It is no secret that human trafficking exists throughout the United States and the world. Approximately 21 million people are trafficked around the globe, and the number of children that are trafficked in the United States is 26 times the amount of players in the NFL, NBA and MLB combined. It is estimated that the profits generated by human trafficking globally are $32 Billion.
The trucking industry experiences trafficking at truck stops and parking lots frequently. In fact, there are even stickers sold to truckers that are labeled “No Lot Lizards” indicating that they do not care to partake in those activities. But, now truckers are stepping up and putting a stop to this horrible industry. Truckers have been called “knights of the road” for years, but that name can mean even more with your help today.
“The trucking industry is seven million strong, and our goal is to have everyone in our industry trained on how to recognize human trafficking and how to take action to rescue victims and save lives by making the call and reporting the crime,” said ATA Executive Vice President of Industry Affairs Elisabeth Barna a tthe House Homeland Security Committee during a roundtable on the issue. “Our industry has made nearly 2,000 calls to the national human trafficking hotline, resulting in more than 600 likely human trafficking cases identified involving more than 1,300 trafficking victims. More than 375 of those rescued victims were minors.”
Barna has been a major leader in this fight, and you can watch her here on the DHS Blue Campaign Facebook live video talk through human trafficking with representatives from Delta Airlines, Amtrak and the Federal Law Enforcement Training Centers. Barna was also quoted stating:
“Truck drivers are family men and women and a lot of them have kids who could be targeted for trafficking, so they’re able to talk to their peers and ask them to continue spreading the message about human trafficking awareness. We are starting to be able to get more signs and videos about trafficking into the driver lounge areas or at diesel fuel stations. Our member companies are getting more engaged every day, and many of the larger trucking companies are training their entire workforces on human trafficking awareness.”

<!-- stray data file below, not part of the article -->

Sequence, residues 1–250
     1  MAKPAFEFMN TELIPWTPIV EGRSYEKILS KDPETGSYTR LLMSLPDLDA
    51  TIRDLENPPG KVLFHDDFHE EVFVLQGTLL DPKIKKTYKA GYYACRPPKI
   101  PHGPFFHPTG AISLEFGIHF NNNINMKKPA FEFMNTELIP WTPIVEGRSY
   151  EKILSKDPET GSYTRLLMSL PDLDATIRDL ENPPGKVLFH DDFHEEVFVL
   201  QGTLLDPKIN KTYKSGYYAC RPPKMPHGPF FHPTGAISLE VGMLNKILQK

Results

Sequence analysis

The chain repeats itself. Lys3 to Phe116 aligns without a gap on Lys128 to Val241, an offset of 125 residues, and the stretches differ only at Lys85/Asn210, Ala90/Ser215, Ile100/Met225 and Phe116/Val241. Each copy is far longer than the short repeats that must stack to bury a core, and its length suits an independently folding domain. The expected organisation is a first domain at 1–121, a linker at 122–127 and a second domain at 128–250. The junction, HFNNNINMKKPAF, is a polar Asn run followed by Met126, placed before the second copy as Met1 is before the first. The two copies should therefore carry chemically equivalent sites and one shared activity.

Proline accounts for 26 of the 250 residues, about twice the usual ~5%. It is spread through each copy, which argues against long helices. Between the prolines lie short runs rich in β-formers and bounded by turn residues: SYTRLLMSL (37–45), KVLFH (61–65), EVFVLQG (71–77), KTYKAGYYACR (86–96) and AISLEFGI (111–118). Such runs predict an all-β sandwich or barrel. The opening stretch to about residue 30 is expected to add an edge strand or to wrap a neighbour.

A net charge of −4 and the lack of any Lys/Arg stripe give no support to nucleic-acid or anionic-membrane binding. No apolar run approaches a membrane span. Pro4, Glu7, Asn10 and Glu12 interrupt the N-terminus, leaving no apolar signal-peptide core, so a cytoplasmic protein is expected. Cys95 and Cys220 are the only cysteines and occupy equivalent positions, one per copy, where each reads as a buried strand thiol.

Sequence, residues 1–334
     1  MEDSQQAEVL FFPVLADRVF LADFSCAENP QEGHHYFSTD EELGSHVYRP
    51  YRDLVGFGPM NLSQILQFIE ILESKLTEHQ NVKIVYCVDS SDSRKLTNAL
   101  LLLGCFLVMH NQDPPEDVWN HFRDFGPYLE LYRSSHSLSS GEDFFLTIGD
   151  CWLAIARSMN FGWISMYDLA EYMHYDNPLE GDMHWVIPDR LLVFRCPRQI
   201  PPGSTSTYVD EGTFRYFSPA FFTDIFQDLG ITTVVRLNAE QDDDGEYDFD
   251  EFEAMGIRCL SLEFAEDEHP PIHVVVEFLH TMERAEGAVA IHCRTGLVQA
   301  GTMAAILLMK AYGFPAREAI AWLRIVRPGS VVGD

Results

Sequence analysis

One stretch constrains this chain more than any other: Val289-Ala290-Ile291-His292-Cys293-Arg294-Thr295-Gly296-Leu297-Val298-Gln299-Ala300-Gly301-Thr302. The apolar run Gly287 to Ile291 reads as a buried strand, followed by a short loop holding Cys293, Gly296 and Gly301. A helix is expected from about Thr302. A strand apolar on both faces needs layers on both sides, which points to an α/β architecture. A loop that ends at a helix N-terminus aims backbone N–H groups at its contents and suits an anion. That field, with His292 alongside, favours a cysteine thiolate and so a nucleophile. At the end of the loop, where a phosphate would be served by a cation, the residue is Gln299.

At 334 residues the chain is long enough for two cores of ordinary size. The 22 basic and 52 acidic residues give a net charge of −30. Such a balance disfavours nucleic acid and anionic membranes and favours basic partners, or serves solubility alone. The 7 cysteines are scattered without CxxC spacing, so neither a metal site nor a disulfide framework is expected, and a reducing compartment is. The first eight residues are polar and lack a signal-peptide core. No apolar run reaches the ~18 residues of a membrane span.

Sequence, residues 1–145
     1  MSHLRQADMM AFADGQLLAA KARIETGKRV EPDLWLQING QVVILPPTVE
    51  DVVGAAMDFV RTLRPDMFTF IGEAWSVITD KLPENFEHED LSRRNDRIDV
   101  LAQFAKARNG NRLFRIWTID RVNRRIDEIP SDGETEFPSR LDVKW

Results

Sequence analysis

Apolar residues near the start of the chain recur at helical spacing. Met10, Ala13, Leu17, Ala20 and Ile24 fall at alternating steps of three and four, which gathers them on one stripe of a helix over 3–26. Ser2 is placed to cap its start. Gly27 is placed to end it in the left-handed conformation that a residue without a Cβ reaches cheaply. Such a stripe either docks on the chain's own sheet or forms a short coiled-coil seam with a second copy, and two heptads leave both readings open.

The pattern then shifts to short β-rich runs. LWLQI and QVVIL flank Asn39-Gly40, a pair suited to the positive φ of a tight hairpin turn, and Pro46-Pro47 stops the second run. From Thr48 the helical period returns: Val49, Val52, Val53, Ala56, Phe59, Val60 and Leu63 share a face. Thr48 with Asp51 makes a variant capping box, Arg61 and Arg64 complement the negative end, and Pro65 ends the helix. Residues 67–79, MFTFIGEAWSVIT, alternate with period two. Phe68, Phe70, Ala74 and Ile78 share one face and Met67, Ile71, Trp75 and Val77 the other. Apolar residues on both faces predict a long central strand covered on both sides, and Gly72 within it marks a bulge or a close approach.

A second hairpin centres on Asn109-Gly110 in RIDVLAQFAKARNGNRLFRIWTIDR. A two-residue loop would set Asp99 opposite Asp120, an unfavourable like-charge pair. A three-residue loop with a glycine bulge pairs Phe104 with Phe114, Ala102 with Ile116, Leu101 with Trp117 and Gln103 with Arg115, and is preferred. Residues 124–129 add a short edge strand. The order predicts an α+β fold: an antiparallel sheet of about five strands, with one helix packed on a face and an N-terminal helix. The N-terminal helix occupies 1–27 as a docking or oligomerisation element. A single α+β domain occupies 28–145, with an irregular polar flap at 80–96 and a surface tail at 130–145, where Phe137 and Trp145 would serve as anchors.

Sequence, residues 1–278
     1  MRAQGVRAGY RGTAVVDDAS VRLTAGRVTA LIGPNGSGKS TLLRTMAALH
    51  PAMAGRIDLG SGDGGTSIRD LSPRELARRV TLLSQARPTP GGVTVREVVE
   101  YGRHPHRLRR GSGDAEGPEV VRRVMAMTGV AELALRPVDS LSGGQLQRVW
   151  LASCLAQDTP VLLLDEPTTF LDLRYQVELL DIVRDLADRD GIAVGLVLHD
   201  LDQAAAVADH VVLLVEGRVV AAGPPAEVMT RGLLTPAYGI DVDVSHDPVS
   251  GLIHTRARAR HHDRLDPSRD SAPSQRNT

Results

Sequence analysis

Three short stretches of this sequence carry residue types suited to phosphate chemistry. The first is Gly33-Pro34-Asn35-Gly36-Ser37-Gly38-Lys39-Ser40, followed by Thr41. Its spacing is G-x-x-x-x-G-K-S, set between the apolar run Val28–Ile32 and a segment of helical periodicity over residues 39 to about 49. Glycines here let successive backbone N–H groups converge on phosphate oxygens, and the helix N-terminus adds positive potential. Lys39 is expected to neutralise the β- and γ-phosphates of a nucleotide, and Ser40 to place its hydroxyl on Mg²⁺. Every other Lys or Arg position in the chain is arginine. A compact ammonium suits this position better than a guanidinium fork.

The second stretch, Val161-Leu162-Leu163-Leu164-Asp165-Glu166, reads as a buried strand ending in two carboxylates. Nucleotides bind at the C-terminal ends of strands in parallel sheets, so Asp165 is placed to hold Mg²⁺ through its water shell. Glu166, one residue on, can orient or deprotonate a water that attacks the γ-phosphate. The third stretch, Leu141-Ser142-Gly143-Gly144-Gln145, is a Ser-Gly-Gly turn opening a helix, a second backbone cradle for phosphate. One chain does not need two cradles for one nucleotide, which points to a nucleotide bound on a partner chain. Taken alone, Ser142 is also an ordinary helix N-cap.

Organizations like the American Trucking Association, America’s Road Team and Truckers Against Trafficking are all joining together to help spread awareness to truckers, as well as educate them on how to detect trafficking and what to do to help. Individual truckers like John McKown are stepping out and spreading awareness as well. McKown, a Truckers Against Trafficking-trained truck driver, told his story during a TED Talk about what he’s doing to put a stop to human trafficking. He encourages other truckers to do the same, and you can see his talk here.
What you can do
Although the task is large, every trucker can do something small to help. In the below graphic, Truckers Against Trafficking highlighted some of the warning signs to detect human trafficking. Here are some of the warning signs:
- Lack of knowledge of the individuals community or whereabouts
- Restricted or controlled communication
- Radio chatter or flashing lights signaling location
- Not in control of their own ID
- Acknowledgement of pimp or making a quota
- Branding of trafficker’s name
The first step to making a difference is educating yourself on the topic and understanding what you should be looking for. The signs above are a great way to start educating yourself, but doing even more research here or here would be wise. The next necessary step is taking action. The best way for truckers to do this is by calling the National Human Trafficking Hotline at 1-888-373-7888 whenever you encounter behavior that is not normal or witness some of the warning signs listed above.
Every 2 seconds a child is being prepared for sexual exploitation. What you do now can help change someone’s life forever. With the right knowledge and a community of truckers doing the right thing, human trafficking will be one step closer to being erased.
Thank you to Truckers Against Trafficking for all the great material and pictures provided.